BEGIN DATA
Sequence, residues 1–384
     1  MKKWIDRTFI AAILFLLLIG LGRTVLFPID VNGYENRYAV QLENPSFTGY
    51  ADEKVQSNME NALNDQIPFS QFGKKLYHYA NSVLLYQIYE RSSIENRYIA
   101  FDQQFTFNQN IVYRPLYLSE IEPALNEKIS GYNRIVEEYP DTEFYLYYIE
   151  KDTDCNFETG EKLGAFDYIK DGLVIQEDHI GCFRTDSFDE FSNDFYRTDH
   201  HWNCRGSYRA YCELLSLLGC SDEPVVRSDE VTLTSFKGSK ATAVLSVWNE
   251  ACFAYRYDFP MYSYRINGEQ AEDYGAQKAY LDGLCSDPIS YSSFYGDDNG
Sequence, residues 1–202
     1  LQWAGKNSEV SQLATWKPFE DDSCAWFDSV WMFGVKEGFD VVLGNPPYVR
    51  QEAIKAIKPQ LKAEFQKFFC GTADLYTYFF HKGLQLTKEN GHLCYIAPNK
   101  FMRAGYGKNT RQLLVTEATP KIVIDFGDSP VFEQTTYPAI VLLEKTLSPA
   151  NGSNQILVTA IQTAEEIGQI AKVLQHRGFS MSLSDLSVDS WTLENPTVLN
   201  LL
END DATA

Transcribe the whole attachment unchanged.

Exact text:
Sequence, residues 1–384
     1  MKKWIDRTFI AAILFLLLIG LGRTVLFPID VNGYENRYAV QLENPSFTGY
    51  ADEKVQSNME NALNDQIPFS QFGKKLYHYA NSVLLYQIYE RSSIENRYIA
   101  FDQQFTFNQN IVYRPLYLSE IEPALNEKIS GYNRIVEEYP DTEFYLYYIE
   151  KDTDCNFETG EKLGAFDYIK DGLVIQEDHI GCFRTDSFDE FSNDFYRTDH
   201  HWNCRGSYRA YCELLSLLGC SDEPVVRSDE VTLTSFKGSK ATAVLSVWNE
   251  ACFAYRYDFP MYSYRINGEQ AEDYGAQKAY LDGLCSDPIS YSSFYGDDNG
Sequence, residues 1–202
     1  LQWAGKNSEV SQLATWKPFE DDSCAWFDSV WMFGVKEGFD VVLGNPPYVR
    51  QEAIKAIKPQ LKAEFQKFFC GTADLYTYFF HKGLQLTKEN GHLCYIAPNK
   101  FMRAGYGKNT RQLLVTEATP KIVIDFGDSP VFEQTTYPAI VLLEKTLSPA
   151  NGSNQILVTA IQTAEEIGQI AKVLQHRGFS MSLSDLSVDS WTLENPTVLN
   201  LL